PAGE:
You also refer to a staff analysis of the 1994 amendment to the exemption statute, which states that the types of documents in a claims file include “invoices from . . . defense firms[.]” To the extent that the staff analysis is indicative of legislative intent, there is nothing indicating that the term should be given such a broad construction. Exemptions to the Public Records Law are to be narrowly construed. Moreover, in discussing what is contained in the claims file, the staff analysis refers to materials that are relevant to an assessment or an evaluation of the claim. While the staff analysis refers to “invoices,” that term should be construed in light of the other types of information referenced. While an invoice may contain information relevant to the claims assessment such as a discussion of the nature of the work performed, an invoice indicating only the hours worked and amount to be paid by the public agency would not appear to constitute the type of information intended for exemption.
Therefore, I am of the opinion that records of outside attorney fee bills for the defense of the county, as well as its employees who are sued individually, for alleged civil rights violations are public records subject to disclosure, even though those records may be maintained by the County Risk Management Office pursuant to the county’s risk management program.
Robert A. Butterworth Attorney General
“any state, county, district, authority, or municipal officer, department, division, board, bureau, commission, or other separate unit of government created or established by law . . . and any other public or private agency, person, partnership, corporation, or business entity acting on behalf of any public agency.”
(Fla. 2d DCA 1994) (agency which improperly “blocked out” most notations on invoices prepared in connection with services rendered by and fees paid to attorneys representing agency improperly withheld nonexempt material by failing to limit redactions to those items “genuinely reflecting its `mental impression, conclusion, litigation strategy, or legal theory'”).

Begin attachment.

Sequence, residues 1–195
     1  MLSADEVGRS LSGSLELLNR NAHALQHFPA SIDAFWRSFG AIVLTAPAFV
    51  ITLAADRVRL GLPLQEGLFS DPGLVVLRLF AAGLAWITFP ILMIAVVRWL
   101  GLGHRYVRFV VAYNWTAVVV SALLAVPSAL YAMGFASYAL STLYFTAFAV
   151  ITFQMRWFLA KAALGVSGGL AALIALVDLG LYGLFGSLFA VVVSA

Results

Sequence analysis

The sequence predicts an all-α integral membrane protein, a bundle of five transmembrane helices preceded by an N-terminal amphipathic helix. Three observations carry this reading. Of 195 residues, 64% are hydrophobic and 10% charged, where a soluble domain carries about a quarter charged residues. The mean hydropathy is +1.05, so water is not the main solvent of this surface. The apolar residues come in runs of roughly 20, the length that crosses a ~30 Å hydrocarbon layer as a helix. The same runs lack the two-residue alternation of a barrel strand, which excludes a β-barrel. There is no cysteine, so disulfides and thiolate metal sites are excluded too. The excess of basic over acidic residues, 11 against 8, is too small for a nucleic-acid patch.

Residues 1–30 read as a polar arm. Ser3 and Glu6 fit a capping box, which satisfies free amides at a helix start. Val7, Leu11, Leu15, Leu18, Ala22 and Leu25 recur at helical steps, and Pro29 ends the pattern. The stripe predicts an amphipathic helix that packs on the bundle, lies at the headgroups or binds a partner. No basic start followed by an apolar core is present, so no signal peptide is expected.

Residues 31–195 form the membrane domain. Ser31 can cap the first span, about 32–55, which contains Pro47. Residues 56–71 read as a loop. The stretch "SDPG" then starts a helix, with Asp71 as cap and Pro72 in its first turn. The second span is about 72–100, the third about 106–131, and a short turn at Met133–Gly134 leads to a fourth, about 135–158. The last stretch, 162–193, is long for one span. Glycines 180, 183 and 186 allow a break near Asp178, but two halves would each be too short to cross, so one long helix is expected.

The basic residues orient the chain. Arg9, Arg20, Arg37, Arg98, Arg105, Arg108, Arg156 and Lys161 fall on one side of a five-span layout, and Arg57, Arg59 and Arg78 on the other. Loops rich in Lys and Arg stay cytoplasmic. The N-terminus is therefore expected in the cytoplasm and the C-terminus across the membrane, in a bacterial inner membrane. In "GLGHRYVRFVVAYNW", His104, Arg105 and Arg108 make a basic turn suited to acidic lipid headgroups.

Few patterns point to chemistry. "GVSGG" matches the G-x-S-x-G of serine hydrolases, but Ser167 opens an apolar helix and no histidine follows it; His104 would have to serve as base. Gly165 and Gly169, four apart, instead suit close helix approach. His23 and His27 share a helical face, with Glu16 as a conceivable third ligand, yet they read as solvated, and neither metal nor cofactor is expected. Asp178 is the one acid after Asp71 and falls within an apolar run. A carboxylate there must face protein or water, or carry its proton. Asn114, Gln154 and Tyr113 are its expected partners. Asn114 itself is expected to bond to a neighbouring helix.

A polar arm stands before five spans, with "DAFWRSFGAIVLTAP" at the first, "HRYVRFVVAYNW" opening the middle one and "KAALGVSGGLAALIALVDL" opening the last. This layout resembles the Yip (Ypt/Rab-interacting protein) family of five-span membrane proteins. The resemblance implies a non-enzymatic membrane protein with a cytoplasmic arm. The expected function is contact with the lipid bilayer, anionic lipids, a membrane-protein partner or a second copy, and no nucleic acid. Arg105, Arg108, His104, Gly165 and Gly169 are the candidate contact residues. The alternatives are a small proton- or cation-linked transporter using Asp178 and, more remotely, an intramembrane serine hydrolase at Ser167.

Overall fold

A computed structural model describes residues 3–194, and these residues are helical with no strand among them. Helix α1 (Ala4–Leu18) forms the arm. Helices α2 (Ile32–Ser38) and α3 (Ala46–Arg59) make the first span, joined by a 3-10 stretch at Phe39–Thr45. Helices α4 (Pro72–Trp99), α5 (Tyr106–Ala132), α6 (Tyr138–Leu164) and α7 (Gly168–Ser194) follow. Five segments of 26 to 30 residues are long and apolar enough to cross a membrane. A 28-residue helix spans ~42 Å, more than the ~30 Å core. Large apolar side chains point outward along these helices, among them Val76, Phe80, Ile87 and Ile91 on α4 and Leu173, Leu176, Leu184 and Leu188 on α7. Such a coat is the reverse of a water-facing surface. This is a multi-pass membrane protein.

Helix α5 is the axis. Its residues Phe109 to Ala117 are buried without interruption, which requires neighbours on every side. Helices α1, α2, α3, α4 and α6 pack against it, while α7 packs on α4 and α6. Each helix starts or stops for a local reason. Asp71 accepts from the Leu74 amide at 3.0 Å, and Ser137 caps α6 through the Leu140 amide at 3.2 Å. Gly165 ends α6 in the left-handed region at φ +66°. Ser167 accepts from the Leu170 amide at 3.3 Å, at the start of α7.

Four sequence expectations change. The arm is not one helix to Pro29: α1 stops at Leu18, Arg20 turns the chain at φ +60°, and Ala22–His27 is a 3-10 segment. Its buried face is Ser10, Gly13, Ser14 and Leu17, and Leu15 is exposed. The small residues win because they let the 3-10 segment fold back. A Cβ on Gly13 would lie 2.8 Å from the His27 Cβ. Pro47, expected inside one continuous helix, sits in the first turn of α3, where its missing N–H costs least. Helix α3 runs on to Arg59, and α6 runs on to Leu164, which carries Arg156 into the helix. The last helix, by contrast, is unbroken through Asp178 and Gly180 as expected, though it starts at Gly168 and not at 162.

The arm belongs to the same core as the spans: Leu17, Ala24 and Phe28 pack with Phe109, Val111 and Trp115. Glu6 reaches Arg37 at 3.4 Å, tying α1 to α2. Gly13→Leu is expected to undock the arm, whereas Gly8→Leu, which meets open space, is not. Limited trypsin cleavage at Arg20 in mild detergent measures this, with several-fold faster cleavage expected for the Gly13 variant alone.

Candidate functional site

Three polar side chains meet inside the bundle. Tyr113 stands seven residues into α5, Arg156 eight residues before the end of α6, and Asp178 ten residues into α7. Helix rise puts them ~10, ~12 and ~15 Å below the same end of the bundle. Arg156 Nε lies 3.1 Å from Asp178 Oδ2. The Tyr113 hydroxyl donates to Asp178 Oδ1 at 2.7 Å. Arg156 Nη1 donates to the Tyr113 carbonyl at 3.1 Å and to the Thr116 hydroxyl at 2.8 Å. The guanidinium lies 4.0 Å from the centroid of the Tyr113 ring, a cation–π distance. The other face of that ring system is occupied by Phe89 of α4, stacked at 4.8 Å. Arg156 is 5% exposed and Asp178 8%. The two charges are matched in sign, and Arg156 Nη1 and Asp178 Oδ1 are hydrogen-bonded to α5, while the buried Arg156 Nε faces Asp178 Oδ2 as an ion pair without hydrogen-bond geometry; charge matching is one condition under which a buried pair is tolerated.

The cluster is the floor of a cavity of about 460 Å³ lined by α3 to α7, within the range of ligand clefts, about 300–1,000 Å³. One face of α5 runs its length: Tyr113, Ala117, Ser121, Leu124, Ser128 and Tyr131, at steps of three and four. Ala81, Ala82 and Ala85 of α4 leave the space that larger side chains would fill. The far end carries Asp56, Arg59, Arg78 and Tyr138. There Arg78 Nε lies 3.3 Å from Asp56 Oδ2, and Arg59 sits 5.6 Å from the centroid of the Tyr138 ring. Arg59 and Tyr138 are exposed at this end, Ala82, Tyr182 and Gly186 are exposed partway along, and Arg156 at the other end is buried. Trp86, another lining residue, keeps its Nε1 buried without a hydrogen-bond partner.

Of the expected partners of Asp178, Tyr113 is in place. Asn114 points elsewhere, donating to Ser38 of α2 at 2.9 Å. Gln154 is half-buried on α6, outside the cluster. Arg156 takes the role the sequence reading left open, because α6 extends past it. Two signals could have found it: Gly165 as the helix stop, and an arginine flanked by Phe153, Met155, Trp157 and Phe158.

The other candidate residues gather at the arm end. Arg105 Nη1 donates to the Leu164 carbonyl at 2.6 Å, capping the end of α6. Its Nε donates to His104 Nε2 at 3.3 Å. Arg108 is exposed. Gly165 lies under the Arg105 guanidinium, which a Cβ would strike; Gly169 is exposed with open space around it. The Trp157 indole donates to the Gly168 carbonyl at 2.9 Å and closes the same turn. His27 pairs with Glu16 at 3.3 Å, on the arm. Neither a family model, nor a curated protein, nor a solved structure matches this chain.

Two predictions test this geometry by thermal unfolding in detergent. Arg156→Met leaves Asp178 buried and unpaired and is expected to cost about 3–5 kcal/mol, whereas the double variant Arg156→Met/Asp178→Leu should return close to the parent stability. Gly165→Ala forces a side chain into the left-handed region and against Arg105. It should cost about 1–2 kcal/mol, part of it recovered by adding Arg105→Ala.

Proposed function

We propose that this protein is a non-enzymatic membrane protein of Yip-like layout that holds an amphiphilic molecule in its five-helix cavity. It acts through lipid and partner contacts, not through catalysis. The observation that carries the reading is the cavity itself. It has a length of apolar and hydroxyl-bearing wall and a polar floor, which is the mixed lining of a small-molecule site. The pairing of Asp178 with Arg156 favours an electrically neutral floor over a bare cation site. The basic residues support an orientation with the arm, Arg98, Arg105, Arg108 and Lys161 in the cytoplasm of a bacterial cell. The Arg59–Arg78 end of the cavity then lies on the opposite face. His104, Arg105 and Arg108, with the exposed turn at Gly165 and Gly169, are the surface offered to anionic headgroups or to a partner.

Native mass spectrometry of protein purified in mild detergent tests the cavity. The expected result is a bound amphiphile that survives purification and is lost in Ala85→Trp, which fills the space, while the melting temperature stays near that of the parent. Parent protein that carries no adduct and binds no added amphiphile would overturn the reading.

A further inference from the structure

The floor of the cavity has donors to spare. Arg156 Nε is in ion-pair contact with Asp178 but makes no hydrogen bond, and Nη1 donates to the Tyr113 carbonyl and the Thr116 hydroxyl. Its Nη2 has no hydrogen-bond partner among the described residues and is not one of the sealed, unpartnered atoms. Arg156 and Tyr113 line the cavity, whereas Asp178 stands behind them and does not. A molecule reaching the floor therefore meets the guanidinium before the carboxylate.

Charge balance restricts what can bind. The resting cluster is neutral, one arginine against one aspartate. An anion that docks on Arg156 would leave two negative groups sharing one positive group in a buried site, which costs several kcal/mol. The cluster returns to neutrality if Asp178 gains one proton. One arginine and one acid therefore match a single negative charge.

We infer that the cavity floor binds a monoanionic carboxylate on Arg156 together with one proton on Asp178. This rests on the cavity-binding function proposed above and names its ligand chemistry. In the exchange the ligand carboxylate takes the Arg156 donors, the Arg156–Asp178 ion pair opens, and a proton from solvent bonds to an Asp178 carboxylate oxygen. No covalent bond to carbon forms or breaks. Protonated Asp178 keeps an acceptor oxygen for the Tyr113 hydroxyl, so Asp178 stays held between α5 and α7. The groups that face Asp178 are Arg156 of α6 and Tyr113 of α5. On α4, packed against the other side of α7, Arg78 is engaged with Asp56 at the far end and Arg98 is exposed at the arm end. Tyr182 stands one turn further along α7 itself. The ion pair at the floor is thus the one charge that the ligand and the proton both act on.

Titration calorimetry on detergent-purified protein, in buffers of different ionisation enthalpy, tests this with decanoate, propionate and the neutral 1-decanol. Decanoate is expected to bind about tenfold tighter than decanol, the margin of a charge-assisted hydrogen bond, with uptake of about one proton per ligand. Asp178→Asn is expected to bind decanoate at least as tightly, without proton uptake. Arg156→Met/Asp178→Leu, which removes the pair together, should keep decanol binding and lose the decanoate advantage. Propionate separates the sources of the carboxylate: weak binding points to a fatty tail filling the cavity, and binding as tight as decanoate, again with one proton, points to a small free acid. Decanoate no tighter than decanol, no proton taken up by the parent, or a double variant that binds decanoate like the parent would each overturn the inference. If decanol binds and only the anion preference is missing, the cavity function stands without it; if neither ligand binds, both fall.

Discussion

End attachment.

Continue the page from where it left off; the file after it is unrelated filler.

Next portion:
“The types of documents in a claims file include accident reports by police, sheriff, and highway patrol officers; investigative reports; legal pleadings; reports and correspondence from defense counsel evaluating potential liability, potential damages, and providing recommendations regarding settlement; correspondence relating to the accident or incident; doctors’ reports and reports from other medical experts or health providers including medical test results, patient medical histories, medications and treatments; damage estimates in the case of automobile accidents or water vessel accidents; reports by experts who are requested to be potential expert witnesses regarding liability and damages; correspondence from and to insurance adjusters relating to, for example, offers of compromise; notations relating to the facts in the case; invoices from experts and defense firms; names of investigators; amount of money available for litigation and settlement; “SeFes” scores (an evaluation score used in determining whether or not a suit should be defended or settled); personnel records; recorded or signed statements taken as possible evidence; risk management program evaluations of hazardous conditions; supervisor and claims committee notes pertaining to defense strategies; minutes of peer review meetings; Department of Professional Regulation defense files, and Trust Fund Council meeting minutes (public hospitals are “agencies” affected by the claims file law); anonymous correspondence; surveillance reports, photographs, and recordings; expert witness reports; and case evaluation statements from for example school principals, teachers, and bus drivers (school districts are also “agencies” affected by the claims file law).”